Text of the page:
Even though combustion ion chromatography (CIC) is regarded as an up-and-coming sample preparation and analysis technique, the basic process behind CIC has already existed for many years. This blog post introduces the history of this technique, the working principle, and some applications for CIC.

The beginnings of combustion IC (CIC)

Our previous blogs about the history of Metrohm ion chromatography (Parts 1–3) outlined how IC has become one of the most used analytical techniques for the analysis of inorganic anions and cations in a wide variety of aqueous media.
 

History of Metrohm IC – Part 1

History of Metrohm IC – Part 2

History of Metrohm IC – Part 3


In the mid-1970s the impact of organic halogens and sulfur became a topic of intensified focus, as these compounds were shown to increase ozone destruction and adversely impact the environment [1]. In addition, they are corrosive and can threaten human health during water treatment processes [2,3].

Most organic halogens are not water-soluble, therefore decomposition is necessary as a first analytical step [46]. Using combustion as a sample preparation method to decompose such compounds and to enable subsequent sulfur determination [6] in a closed system (i.e., «combustion bomb») under pressurized oxygen atmosphere began in 1881. In 1955, Schöninger developed the first convenient handling of the combustion process—the so-called «oxygen flask» [79].

The basic principle of Schöninger-based analytical methods is to burn a certain amount of sample in oxygen-rich atmosphere. The resulting gases are bubbled through an absorber solution which is then transferred to the analytical instrument for measurement (commonly microcoloumetric titration) [2,5,7]. Between samples, the container must be cleaned extensively to avoid cross-contamination [7]. However, these methods did not have the possibility to be automated. Over time, the once dangerous procedure was modified to be much safer. Still, the manual process of preparing samples with extensive rinsing steps in between remained cumbersome and time-consuming.

Around the same time, pyrohydrolysis was established for analytical purposes by Warf [10,11] as «high temperature hydrolysis» to measure halogens, boron, and sulfur especially in geological samples [12]. As IC was already established as a highly sensitive technique for measuring halogens and sulfur, a combination of combustion with IC was introduced as a possibility for fast, accurate, and sensitive multi-element analysis. High sensitivities could already be achieved by combining the oxygen-bomb combustion method with IC [13], but pyrohydrolysis with combustion ovens enabled development of fully automated procedures [14].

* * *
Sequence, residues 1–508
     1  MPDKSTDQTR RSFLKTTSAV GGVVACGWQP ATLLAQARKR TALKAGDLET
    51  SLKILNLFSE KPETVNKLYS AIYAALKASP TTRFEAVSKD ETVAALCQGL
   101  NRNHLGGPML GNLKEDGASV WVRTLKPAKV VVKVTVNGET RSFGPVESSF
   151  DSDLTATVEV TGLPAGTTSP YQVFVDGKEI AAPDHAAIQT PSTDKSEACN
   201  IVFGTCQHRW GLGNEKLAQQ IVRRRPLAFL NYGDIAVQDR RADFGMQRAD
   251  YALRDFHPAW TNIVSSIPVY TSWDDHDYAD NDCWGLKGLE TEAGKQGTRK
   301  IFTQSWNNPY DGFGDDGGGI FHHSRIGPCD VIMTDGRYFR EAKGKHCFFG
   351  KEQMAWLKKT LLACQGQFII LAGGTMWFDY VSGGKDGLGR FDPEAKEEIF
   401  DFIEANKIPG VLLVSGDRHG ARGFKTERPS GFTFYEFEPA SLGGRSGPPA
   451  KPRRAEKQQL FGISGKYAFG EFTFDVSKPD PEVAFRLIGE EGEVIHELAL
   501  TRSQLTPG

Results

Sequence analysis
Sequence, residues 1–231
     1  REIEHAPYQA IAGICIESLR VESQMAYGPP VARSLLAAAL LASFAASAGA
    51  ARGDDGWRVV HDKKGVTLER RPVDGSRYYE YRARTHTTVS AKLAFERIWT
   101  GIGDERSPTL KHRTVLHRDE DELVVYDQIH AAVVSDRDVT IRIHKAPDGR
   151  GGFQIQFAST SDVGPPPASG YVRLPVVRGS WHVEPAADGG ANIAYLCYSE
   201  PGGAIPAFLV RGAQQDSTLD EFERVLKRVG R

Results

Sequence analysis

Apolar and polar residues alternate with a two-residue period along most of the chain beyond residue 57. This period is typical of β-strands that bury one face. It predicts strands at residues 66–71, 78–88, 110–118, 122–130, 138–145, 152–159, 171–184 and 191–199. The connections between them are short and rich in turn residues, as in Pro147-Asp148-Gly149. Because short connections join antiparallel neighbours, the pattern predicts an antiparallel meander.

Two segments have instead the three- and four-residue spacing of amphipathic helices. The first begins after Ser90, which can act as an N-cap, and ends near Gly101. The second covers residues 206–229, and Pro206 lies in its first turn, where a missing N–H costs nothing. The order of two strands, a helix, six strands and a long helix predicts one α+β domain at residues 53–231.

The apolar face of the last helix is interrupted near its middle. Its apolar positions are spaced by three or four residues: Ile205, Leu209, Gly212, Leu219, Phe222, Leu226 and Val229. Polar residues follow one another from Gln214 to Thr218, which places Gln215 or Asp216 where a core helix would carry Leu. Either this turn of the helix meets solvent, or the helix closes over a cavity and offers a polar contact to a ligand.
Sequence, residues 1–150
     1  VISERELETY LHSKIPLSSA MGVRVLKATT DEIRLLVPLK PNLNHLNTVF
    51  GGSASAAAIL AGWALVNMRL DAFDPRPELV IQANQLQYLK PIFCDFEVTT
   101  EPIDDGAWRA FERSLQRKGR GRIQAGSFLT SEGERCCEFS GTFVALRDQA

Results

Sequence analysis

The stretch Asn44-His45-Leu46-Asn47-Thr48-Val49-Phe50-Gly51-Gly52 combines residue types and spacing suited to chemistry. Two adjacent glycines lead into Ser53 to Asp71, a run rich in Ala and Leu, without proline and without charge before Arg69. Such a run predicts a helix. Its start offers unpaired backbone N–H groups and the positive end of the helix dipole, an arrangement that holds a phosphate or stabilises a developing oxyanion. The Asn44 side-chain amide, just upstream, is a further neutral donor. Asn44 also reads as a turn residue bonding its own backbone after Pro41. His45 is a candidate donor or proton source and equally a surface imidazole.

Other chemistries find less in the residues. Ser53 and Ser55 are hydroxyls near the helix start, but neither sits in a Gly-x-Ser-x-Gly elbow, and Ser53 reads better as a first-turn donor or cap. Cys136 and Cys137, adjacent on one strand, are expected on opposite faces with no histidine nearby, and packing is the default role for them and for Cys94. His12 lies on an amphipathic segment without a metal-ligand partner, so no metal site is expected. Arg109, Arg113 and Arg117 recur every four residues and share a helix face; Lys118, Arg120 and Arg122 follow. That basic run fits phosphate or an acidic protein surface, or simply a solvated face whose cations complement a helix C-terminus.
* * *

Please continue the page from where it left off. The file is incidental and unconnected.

The combustion process

The overall combustion process for major application fields such as AOX (adsorbable organic halogens), halogen, or sulfur determination in various matrices was improved upon, culminating in a complete inline connection of automated combustion ovens. In this automatic setup (Figure 1), the sample (liquid, solid, or gaseous) is introduced into the oven and subsequently combusted at high temperatures in a water/oxygen environment. The combustion gases are continuously fed through an absorber vessel. There, they are passed through an aqueous absorber solution where the volatile halogens and sulfur are captured and oxidized.

Classically, the absorber solution was analyzed using colorimetric titration in the case of AOX (e.g., ISO 9562:2004, DIN 38414-18:2019, or EPA 1650) or sulfur (e.g., ASTM C816-85 or [5]), or via potentiometric titration with ion-selective electrodes, e.g., for fluoride [5]. However, combining the combustion module with an IC revolutionized the field as detailed information about the analytes was now possible [15]. Halogens and sulfur are quantified individually, and additionally, analysts get fluoride results (DIN 38409-59) – a parameter which the classical techniques had trouble with.

Figure 1. This simplified schematic depicts the process behind combustion ion chromatography.

The combustion instrumentation